Monday, May 08, 2006

Contraception: The new abortion

Researchers using federal data have found two interesting trends that chart the relationship between abortion and contraceptives.

Between 1994 and 2001:

1. The rate of unplanned pregnancies rose by 30 percent among poor women. The abortion rate also rose.

2. The rate of unplanned pregnancies fell 20 percent among affluent women. The abortion rate also fell.

Asked what was driving the trends, the authors noted that some state and federal reproductive health programs have been cut or made more restrictive in recent years. State and federal programs have increasingly focused on abstinence rather than contraception, and some analysts have argued that the shift is leading to less use of contraceptives and more unintended pregnancies.


The authors said the growing disparities between richer and poorer women appeared to be the result of greater contraceptive use by the more affluent. The health statistics center, which is part of the Centers for Disease Control and Prevention, reported in 2004 that after decades of increasing contraceptive use, the trend stalled in the late 1990s and began to decline after that. The decline occurred almost entirely in poorer women.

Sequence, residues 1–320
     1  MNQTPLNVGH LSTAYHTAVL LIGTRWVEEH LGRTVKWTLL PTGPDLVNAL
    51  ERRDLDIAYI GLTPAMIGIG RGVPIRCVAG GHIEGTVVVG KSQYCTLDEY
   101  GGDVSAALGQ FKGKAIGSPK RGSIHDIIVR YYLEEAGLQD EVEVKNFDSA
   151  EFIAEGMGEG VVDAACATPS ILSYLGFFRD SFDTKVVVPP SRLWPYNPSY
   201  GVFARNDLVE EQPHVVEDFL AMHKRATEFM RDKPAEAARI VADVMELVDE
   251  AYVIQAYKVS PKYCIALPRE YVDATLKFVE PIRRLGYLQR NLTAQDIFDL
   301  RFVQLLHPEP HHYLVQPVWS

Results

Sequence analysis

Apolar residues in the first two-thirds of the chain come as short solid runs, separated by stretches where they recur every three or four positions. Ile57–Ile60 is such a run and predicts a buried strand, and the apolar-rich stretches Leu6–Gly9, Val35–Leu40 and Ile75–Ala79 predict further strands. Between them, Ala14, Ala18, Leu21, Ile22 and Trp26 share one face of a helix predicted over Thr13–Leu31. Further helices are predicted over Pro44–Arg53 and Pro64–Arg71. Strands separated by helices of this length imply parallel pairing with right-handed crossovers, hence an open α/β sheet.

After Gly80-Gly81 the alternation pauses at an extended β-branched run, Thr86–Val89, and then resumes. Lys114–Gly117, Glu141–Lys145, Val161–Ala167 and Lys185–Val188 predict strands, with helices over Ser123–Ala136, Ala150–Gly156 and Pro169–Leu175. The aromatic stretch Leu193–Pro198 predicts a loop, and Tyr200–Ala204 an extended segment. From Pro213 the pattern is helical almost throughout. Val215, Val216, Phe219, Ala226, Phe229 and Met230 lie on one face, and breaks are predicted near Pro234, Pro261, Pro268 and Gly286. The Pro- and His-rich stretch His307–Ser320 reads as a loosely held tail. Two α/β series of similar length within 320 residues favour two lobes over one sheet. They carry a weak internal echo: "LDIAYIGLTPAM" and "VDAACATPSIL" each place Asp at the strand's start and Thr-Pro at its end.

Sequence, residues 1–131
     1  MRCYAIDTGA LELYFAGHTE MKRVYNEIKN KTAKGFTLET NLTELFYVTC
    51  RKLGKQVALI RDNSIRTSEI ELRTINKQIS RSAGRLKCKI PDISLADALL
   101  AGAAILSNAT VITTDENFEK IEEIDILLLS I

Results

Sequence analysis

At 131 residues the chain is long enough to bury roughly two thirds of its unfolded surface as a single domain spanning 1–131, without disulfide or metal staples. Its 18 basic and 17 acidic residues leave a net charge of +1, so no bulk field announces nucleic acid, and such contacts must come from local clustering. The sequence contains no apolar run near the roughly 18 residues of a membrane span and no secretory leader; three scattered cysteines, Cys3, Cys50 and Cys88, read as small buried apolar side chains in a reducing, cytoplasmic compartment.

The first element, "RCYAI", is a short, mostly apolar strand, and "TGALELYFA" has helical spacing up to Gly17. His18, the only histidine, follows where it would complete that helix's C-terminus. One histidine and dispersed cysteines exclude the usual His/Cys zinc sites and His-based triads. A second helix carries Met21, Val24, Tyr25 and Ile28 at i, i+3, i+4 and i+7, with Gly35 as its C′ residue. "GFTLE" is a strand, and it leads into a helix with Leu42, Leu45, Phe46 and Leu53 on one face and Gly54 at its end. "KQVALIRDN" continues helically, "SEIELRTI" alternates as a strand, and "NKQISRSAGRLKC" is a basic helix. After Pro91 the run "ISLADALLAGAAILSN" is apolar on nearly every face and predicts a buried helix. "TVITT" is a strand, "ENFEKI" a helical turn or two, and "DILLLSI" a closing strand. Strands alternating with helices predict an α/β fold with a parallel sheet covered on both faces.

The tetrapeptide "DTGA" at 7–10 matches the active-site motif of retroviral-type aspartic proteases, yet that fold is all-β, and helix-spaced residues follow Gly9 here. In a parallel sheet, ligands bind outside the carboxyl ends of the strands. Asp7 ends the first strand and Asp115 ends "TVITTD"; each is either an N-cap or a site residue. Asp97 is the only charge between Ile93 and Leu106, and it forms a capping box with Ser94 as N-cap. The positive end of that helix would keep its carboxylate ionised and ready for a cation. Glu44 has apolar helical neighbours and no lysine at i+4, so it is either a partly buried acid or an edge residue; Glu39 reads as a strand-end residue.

Gee, imagine that. Reduced use of contraceptives leads to more abortions. Sounds like common sense, doesn't it? So why am I writing about it?

Because some people -- some relatively influential people -- disagree. Some Christian conservatives are starting to jump on the same bandwagon that Catholic groups have occupied for decades: life begins at fertilization, and anything that interferes with that is abortion. And they're willing to use laws and government regulations to force everybody to conform to their beliefs.

This weekend's New York Times Magazine had a cover story on the phenomenon. Some quotes:

"We see contraception and abortion as part of a mind-set that's worrisome in terms of respecting life. If you're trying to build a culture of life, then you have to start from the very beginning of life, from conception, and you have to include how we think and act with regard to sexuality and contraception." -- Edward R. Martin Jr., a lawyer for the public-interest firm Americans United for Life